Will you be caught in my client’s work-at-home trap? — Business Management Daily: Free Reports on Human Resources, Employment Law, Office Management, Office Communication, Office Technology and Small Business Tax Business Management Daily
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Will you be caught in my client’s work-at-home trap?

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in Employment Law,Human Resources

Ever wonder if you’re being set up for a lawsuit? You might be if one of your employees has got you thinking about letting her work from home instead of coming to the workplace. Why? Because if you don’t set it up just right, a crafty plaintiff attorney— like me—may come knocking on your door.

How does it work? Let’s say an employee suggests that she could save the company money and complete a lot more work if you let her work at home. Or maybe a worker has developed a “disability” that makes it hard for him to commute and he asks to work from home as a reasonable accommodation. If you don’t know the rules, a smart attorney will make you look guilty whether you deny the requests or grant them.

Consider the first request. You and your new telecommuter agree that she will work from home using her own computer equipment. She agrees to be available by telephone and e-mail during normal business hours but wants the flexibility to work at her own pace. At first, the arrangement works well; she’s productive and seems happy.

The problem comes later when she complains that her equipment is causing eyestrain and that her back hurts. That’s when she comes to see me. I tell her she may have a workers’ comp claim and send her for a medical examination. I also tell her she should track her hours, since you’re paying her hourly. It turns out that, with regular interruptions, she has been working 45 or 50 hours a week. We sue and collect workers’ comp for her back strain, the value of her equipment’s use and overtime pay for her extra hours. Oh, and plus my fee.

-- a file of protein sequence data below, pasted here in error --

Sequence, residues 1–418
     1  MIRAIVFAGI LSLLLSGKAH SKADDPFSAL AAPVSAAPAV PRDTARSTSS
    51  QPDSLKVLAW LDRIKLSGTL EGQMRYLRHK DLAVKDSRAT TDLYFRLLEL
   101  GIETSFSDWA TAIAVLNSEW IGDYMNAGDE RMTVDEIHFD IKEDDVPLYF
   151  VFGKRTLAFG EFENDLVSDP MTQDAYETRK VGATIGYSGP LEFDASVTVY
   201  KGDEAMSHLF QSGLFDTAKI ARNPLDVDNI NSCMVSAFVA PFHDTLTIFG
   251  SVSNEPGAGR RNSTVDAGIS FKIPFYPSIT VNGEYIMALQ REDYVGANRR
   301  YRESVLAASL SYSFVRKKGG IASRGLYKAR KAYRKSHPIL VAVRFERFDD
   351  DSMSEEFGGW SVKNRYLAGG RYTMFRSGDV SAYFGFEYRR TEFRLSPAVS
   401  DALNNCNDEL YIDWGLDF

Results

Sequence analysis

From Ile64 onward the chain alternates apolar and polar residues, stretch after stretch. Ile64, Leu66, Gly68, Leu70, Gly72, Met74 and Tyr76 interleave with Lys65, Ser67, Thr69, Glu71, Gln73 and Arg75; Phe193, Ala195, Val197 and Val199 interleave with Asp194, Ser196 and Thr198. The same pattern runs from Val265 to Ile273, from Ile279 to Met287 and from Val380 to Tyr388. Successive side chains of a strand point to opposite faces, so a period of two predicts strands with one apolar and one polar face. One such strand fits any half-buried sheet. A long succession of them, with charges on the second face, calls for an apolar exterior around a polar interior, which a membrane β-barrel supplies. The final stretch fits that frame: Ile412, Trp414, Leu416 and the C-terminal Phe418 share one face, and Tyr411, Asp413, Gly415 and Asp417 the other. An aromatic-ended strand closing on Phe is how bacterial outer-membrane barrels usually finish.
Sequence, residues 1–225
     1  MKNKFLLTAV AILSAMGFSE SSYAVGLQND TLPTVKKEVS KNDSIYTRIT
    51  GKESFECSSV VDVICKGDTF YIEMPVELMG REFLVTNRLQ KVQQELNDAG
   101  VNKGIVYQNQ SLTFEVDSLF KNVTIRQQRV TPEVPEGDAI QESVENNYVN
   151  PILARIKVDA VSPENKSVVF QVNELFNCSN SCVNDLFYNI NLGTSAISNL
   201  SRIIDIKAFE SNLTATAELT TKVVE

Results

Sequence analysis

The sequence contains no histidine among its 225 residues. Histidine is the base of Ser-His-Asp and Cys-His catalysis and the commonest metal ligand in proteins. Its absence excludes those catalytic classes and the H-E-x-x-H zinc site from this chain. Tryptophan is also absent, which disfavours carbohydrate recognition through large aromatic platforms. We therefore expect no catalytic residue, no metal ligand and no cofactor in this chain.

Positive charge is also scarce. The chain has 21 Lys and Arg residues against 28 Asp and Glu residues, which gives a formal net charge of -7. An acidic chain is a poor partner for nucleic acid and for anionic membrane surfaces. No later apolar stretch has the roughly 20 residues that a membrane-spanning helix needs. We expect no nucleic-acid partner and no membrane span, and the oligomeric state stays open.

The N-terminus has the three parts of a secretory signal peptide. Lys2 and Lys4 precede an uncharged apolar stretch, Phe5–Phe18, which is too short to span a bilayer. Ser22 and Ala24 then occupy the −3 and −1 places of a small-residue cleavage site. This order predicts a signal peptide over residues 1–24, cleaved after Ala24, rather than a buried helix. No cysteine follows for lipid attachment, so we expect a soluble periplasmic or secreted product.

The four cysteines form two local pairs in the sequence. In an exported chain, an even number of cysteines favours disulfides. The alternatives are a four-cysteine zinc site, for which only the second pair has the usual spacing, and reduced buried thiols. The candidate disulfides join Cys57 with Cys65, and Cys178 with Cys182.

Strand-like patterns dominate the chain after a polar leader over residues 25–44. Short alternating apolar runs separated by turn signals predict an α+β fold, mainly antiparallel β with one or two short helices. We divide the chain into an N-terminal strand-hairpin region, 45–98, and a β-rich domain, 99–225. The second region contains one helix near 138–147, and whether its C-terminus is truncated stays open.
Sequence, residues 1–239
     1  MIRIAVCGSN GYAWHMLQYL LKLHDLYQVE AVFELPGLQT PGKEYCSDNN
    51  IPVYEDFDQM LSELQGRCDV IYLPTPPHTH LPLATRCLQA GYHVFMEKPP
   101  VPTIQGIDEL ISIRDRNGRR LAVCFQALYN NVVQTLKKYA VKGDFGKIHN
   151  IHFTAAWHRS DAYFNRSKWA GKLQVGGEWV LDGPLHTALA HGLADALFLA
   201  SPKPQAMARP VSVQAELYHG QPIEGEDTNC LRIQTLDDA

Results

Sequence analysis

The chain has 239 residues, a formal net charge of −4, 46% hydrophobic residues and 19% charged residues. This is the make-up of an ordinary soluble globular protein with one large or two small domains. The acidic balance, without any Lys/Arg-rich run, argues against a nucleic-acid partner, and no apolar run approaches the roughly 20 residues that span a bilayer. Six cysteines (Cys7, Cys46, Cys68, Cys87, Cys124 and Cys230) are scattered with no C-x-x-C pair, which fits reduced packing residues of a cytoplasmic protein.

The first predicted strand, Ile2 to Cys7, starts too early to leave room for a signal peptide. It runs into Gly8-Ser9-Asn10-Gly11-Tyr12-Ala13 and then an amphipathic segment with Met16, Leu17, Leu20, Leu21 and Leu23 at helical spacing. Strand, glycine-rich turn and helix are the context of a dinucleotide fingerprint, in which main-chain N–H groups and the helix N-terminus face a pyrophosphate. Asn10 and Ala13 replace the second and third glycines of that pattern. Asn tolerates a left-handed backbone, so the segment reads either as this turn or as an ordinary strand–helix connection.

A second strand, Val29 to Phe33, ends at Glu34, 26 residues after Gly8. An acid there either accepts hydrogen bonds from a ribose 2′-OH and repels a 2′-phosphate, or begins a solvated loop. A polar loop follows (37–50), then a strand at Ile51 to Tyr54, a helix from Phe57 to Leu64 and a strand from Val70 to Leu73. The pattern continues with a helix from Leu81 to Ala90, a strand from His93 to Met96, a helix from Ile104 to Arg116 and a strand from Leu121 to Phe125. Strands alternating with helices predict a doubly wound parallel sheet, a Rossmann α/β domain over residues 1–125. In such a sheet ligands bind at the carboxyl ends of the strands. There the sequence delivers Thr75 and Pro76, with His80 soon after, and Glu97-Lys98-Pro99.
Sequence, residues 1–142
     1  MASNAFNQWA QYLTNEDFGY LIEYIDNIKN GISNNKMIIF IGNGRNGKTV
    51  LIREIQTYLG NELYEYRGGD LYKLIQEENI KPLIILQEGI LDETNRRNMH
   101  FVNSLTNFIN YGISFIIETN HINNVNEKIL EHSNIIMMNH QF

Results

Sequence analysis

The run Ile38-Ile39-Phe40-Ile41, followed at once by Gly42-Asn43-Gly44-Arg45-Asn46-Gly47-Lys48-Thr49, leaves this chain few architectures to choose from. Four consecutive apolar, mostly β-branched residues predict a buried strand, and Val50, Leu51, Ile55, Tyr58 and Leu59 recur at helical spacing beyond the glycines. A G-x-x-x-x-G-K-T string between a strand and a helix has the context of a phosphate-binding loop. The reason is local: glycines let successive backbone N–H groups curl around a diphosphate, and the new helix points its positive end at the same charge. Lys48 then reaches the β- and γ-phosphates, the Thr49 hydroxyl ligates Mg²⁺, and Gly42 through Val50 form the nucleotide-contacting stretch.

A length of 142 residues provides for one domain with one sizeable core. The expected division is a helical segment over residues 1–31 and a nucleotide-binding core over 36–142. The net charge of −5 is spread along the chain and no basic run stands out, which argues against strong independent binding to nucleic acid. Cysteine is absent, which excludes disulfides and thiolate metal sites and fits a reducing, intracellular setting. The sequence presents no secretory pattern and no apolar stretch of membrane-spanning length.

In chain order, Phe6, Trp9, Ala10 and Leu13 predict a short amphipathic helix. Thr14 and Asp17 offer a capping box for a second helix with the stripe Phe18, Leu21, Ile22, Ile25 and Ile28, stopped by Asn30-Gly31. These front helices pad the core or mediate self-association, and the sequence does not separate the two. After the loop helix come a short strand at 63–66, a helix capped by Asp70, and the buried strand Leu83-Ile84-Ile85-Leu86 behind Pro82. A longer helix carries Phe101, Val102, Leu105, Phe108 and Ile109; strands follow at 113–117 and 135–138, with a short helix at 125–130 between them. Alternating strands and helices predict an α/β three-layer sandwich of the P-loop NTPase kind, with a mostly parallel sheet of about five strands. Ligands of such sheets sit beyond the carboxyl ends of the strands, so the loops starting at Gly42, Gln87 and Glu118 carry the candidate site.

What about the disabled worker? Are you better off just denying his request? Probably not, because employers are required to discuss potential reasonable accommodations with disabled workers, and the quickest way to court is to ignore that obligation. That doesn’t mean you have to offer a telecommuting option, but you do have to discuss it and other possible solutions that let the worker perform his job.

How do you avoid my trap? Take these steps before approving a work-at-home request:

• Check with your insurance carrier for any special requirements, such as ergonomically correct equipment.

• Create a system to record the employee’s time accurately, and have her certify her hours regularly.

• Insist that telecommuters work regular hours and prohibit them—in writing—from working additional hours.

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